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The art of falsifying

Rönholt, Kenneth LU (2015) SKPM08 20151
Department of Strategic Communication
Abstract (Swedish)
Top politicians are increasingly using social media to create perceptions of
authenticity but social media challenges taken-for-granted notions of
authenticity, as people cannot see who is the creator of the perceived
authenticity. Applying a grounded theory approach, this study conducted
in-depth interviews with communication advisors assigned to Danish top
politicians and developed a theory of how communication advisors can
use social media to create perceived authenticity of top politicians. Most
existing studies on the concept of authenticity agree that it is a socially
constructed concept but they have difficulties detaching themselves from
an essentialism value system, assuming that authenticity is ontologically
present. To... (More)
Top politicians are increasingly using social media to create perceptions of
authenticity but social media challenges taken-for-granted notions of
authenticity, as people cannot see who is the creator of the perceived
authenticity. Applying a grounded theory approach, this study conducted
in-depth interviews with communication advisors assigned to Danish top
politicians and developed a theory of how communication advisors can
use social media to create perceived authenticity of top politicians. Most
existing studies on the concept of authenticity agree that it is a socially
constructed concept but they have difficulties detaching themselves from
an essentialism value system, assuming that authenticity is ontologically
present. To avoid being caught in such essentialism thinking, this study
drew on theoretical perspectives by Jean Baudrillard and Umberto Eco.

The results suggest that in order to create perceived authenticity,
communication advisors have to understand and be able to connect with
the code of the audience in a convincing way because authenticity is not a
matter of who creates it but how well it meets the audience’s expectations.
It is also suggested that communication advisors may even be better at
creating perceived authenticity of politicians than politicians themselves.
This thesis thus contributes to the current body of knowledge and public
relations practice with an explanation of the concept of authenticity that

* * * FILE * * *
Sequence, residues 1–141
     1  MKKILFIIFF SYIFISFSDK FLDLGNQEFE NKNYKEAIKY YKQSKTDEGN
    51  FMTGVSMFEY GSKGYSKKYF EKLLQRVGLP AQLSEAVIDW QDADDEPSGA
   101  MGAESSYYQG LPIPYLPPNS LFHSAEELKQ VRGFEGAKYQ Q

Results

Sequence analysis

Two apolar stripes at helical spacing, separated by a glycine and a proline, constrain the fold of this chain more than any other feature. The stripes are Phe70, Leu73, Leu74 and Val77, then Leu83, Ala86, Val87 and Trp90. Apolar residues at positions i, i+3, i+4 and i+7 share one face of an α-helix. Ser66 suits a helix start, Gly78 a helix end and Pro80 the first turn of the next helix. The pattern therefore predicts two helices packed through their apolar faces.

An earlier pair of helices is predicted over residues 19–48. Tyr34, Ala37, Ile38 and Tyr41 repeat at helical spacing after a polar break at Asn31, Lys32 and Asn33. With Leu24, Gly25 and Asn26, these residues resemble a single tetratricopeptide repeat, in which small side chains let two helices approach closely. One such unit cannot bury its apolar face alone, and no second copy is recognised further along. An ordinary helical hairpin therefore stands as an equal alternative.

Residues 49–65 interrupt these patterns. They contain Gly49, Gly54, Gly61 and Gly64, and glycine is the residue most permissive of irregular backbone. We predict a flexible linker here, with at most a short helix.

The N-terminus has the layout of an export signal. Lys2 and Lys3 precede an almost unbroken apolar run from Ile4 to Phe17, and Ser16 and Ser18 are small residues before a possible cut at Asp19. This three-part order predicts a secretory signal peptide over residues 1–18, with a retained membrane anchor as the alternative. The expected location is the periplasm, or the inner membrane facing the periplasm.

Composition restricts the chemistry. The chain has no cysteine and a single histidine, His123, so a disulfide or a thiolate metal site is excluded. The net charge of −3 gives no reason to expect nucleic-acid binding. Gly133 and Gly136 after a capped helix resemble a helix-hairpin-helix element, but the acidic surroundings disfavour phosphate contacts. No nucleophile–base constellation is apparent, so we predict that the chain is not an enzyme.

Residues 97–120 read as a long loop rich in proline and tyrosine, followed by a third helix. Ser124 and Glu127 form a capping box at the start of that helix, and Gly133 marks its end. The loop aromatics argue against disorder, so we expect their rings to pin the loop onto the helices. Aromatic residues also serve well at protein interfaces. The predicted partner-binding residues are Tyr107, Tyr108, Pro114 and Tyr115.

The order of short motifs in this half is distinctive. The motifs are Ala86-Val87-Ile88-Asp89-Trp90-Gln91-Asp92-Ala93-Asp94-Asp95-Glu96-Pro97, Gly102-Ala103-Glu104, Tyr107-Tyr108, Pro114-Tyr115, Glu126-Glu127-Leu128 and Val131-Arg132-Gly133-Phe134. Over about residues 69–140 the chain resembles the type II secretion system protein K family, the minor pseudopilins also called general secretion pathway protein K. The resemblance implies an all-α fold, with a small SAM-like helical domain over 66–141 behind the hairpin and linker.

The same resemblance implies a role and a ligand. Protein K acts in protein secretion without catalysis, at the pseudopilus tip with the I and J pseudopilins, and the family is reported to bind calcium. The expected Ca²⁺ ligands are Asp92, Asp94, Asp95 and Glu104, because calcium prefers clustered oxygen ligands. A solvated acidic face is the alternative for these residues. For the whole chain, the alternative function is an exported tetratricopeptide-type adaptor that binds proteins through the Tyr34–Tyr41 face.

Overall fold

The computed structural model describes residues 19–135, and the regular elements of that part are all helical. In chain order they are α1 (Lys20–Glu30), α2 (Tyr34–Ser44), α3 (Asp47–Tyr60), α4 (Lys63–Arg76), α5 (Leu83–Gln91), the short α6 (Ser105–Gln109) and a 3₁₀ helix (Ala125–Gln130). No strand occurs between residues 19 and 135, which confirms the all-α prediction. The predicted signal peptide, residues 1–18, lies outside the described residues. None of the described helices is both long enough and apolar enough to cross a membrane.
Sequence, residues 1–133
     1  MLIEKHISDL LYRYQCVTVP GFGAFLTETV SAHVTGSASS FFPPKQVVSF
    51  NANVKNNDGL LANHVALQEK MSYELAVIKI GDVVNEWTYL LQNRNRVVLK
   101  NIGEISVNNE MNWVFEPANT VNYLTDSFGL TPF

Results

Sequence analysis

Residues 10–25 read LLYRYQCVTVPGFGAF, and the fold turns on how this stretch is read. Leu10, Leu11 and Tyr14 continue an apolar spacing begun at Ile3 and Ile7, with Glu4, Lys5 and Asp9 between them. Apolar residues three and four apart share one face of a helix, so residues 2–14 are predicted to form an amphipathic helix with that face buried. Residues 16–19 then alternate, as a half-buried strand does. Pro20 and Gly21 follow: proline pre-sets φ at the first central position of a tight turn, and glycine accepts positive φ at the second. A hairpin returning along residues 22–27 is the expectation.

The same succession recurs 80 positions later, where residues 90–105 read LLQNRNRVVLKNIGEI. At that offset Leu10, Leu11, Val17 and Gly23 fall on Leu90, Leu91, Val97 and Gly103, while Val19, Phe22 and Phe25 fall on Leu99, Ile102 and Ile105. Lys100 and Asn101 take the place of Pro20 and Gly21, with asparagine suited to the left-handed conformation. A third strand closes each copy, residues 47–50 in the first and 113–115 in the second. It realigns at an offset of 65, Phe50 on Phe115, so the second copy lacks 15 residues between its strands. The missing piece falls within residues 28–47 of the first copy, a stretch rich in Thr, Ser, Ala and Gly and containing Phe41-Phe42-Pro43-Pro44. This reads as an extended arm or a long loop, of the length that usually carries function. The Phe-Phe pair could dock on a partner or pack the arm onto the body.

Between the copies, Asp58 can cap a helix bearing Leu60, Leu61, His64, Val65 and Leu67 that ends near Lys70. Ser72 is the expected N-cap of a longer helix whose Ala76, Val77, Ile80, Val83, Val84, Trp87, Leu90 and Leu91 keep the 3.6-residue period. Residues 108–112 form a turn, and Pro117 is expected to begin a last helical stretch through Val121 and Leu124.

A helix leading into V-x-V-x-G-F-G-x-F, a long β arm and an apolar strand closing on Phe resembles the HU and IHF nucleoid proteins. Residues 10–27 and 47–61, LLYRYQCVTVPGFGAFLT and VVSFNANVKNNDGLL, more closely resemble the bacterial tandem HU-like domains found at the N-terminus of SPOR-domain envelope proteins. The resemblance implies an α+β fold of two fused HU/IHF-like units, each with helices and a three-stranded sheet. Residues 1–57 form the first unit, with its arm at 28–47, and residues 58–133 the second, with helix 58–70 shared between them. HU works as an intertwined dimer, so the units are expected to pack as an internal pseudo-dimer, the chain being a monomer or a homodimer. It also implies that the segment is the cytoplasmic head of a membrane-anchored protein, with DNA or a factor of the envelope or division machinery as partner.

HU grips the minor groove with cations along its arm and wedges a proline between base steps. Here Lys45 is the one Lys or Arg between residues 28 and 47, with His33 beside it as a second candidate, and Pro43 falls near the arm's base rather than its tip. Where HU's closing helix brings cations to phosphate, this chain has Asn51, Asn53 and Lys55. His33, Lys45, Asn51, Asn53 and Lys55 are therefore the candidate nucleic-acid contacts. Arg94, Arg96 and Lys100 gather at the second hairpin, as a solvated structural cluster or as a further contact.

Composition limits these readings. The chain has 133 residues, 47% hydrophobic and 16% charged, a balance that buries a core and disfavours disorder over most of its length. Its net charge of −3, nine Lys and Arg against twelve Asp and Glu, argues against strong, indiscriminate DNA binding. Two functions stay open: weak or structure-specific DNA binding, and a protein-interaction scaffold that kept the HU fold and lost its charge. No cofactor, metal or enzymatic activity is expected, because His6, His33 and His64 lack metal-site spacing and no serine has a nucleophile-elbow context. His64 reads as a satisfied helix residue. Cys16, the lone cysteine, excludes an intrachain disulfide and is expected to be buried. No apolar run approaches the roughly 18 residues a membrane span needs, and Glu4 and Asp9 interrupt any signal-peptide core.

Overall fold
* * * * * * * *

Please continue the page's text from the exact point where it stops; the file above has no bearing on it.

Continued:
transcends the dominating essentialism assumptions and the typical
dichotomy of authenticity and inauthenticity. (Less)
Please use this url to cite or link to this publication:
author
Rönholt, Kenneth LU
supervisor
organization
course
SKPM08 20151
year
type
H2 - Master's Degree (Two Years)
subject
keywords
Authenticity, social media, public relations, framing, advisor, political communication, Baudrillard, Eco, hyperreality, grounded theory
language
English
id
5426233
date added to LUP
2015-08-24 15:13:08
date last changed
2015-08-24 15:13:08
@misc{5426233,
  abstract     = {Top politicians are increasingly using social media to create perceptions of
authenticity but social media challenges taken-for-granted notions of
authenticity, as people cannot see who is the creator of the perceived
authenticity. Applying a grounded theory approach, this study conducted
in-depth interviews with communication advisors assigned to Danish top
politicians and developed a theory of how communication advisors can
use social media to create perceived authenticity of top politicians. Most
existing studies on the concept of authenticity agree that it is a socially
constructed concept but they have difficulties detaching themselves from
an essentialism value system, assuming that authenticity is ontologically
present. To avoid being caught in such essentialism thinking, this study
drew on theoretical perspectives by Jean Baudrillard and Umberto Eco.

The results suggest that in order to create perceived authenticity,
communication advisors have to understand and be able to connect with
the code of the audience in a convincing way because authenticity is not a
matter of who creates it but how well it meets the audience’s expectations.
It is also suggested that communication advisors may even be better at
creating perceived authenticity of politicians than politicians themselves.
This thesis thus contributes to the current body of knowledge and public
relations practice with an explanation of the concept of authenticity that
transcends the dominating essentialism assumptions and the typical
dichotomy of authenticity and inauthenticity.},
  author       = {Rönholt, Kenneth},
  keyword      = {Authenticity,social media,public relations,framing,advisor,political communication,Baudrillard,Eco,hyperreality,grounded theory},
  language     = {eng},
  note         = {Student Paper},
  title        = {The art of falsifying},
  year         = {2015},
}